emc2's website

Point out news stories, on the net or in mainstream media, related to polywell fusion.

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Betruger
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Post by Betruger »

Thanks.

MSimon
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Post by MSimon »

NCSUnuke,

Welcome aboard. There are at least a few Nukes (maybe more than a few) who spend time around here. I counted 4 on a topic thread a while back.
Engineering is the art of making what you want from what you can get at a profit.

KitemanSA
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Post by KitemanSA »

TallDave wrote:Agreed. The purpose of WB-8 is to determine B scaling, esp. in terms of confinement.
Given the item is also larger (just noticed this stated on the web site!) they can study size scaling with equal B field too. All they have to do is run the magnets at low power.

MSimon
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Post by MSimon »

New Boyle Article Up. See my blogs or the "Boyle" thread in News.
Engineering is the art of making what you want from what you can get at a profit.

billh
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Post by billh »

Here's a noob question for you guys: does the color of the plasma in the WB-7 photo tell you anything about what elements/isotopes are present? I've seen photos of deuterium plasmas in fusors that had a more purplish color. Is the color significant?

MSimon
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Post by MSimon »

billh wrote:Here's a noob question for you guys: does the color of the plasma in the WB-7 photo tell you anything about what elements/isotopes are present? I've seen photos of deuterium plasmas in fusors that had a more purplish color. Is the color significant?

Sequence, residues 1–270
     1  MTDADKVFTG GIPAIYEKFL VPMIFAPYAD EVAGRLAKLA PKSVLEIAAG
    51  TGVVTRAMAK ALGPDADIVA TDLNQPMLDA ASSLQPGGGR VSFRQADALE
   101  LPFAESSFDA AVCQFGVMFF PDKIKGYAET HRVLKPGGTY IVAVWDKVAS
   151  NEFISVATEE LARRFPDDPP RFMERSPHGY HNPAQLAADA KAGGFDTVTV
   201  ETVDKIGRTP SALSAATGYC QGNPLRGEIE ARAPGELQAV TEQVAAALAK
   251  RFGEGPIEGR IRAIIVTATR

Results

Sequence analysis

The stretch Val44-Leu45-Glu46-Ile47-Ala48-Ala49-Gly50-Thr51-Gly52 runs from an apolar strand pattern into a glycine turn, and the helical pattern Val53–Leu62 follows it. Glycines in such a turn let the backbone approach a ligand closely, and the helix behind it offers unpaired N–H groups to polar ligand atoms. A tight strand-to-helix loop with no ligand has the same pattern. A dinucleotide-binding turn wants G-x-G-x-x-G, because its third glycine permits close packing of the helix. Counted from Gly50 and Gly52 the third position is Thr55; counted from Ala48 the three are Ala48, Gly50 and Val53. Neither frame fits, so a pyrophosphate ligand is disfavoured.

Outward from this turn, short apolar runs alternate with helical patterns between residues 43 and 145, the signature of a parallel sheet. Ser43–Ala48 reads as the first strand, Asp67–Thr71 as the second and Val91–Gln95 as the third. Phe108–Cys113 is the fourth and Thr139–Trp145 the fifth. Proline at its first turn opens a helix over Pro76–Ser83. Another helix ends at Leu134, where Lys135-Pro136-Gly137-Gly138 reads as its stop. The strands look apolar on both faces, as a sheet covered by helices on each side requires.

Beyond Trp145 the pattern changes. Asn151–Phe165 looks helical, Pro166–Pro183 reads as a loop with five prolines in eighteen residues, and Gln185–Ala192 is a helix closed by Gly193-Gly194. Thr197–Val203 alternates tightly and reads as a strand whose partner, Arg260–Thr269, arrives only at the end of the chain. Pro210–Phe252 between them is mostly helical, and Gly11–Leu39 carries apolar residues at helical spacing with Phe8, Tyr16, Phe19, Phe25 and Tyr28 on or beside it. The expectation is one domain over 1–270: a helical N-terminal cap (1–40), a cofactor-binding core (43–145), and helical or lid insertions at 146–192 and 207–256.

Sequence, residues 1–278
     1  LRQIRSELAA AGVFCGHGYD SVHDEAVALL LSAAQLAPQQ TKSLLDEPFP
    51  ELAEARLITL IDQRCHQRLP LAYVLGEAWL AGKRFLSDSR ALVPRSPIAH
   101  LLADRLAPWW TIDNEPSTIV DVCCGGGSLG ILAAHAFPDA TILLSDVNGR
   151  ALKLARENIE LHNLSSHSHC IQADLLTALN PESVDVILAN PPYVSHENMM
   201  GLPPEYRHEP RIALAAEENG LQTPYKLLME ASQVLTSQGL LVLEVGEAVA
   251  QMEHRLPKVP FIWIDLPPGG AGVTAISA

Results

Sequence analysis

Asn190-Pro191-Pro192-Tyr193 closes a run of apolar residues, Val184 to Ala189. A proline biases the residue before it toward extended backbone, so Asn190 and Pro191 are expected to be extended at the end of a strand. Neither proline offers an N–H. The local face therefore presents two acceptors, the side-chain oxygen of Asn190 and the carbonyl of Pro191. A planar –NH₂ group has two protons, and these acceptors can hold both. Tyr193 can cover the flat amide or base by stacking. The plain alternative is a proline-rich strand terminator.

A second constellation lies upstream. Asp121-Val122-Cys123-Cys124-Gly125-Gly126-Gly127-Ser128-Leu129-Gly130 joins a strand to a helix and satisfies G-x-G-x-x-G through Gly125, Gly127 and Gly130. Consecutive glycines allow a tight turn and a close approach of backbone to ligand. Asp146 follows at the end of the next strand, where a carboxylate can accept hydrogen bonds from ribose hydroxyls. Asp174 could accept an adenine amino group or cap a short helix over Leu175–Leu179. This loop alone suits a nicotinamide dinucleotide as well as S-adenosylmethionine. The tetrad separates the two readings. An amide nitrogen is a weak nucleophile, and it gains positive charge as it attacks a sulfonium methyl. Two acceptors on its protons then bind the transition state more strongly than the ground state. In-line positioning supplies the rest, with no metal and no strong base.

I believe Argon has been used as a test gas. Rick has used it in his POPS experiments. I would not be surprised if he also used it in the Polywell.
Engineering is the art of making what you want from what you can get at a profit.

Luzr
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Post by Luzr »

MSimon wrote:
KitemanSA wrote:
TallDave wrote: Yes, I've made that point as well. The other scaling questions are so much more important, why screw around with a new geometry at this point when it isn't even an order of magnitude?
Because some new geometries may just solve the electron loss problem.
Or make it worse. (the theory I favor).
What I will just say will be likely stupid, but it just came to my mind and I cannot resist... What about to make coils moving and add some smart balancing electronics to dynamically avoid cusps altogether?

In other words, make geometry dynamic?

TallDave
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Post by TallDave »

AFAIK there will always be cusps where magnetic fields meet.
n*kBolt*Te = B**2/(2*mu0) and B^.25 loss scaling? Or not so much? Hopefully we'll know soon...

Luzr
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Post by Luzr »

TallDave wrote:AFAIK there will always be cusps where magnetic fields meet.
Yes, but maybe they could be 'counterbalanced' by moving fields (or maybe just changing fields). I mean that such cusps would be only temporary, dynamically counterbalanced by opposite field just a moment later, perhaps based on some clever feedback loop. But very likely, one issue is that it would have to be too fast...

KitemanSA
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Post by KitemanSA »

Luzr wrote: What I will just say will be likely stupid, but it just came to my mind and I cannot resist... What about to make coils moving and add some smart balancing electronics to dynamically avoid cusps altogether?

In other words, make geometry dynamic?
There is no motion you can apply to the magnets that won't appear as stationary to the electrons. Dr. B. said that the 0.4msec pulse in the WB6 experiments seemed steady state to the electrons. Thus you would have to move the magnets at much more than 2500 Hz to even begin to appear dynamical.

rcain
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Post by rcain »

MSimon wrote:
billh wrote:Here's a noob question for you guys: does the color of the plasma in the WB-7 photo tell you anything about what elements/isotopes are present? I've seen photos of deuterium plasmas in fusors that had a more purplish color. Is the color significant?
I believe Argon has been used as a test gas. Rick has used it in his POPS experiments. I would not be surprised if he also used it in the Polywell.
bytheby, there are a couple of interesting references to optical analysis in these papers from last years IEC conference: